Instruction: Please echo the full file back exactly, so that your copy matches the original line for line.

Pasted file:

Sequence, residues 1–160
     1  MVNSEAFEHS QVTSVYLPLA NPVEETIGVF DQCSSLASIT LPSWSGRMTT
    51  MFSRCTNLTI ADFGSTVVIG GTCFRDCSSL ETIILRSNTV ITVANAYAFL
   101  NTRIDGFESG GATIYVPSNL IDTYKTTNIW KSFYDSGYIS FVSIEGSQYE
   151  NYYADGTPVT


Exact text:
Sequence, residues 1–160
     1  MVNSEAFEHS QVTSVYLPLA NPVEETIGVF DQCSSLASIT LPSWSGRMTT
    51  MFSRCTNLTI ADFGSTVVIG GTCFRDCSSL ETIILRSNTV ITVANAYAFL
   101  NTRIDGFESG GATIYVPSNL IDTYKTTNIW KSFYDSGYIS FVSIEGSQYE
   151  NYYADGTPVT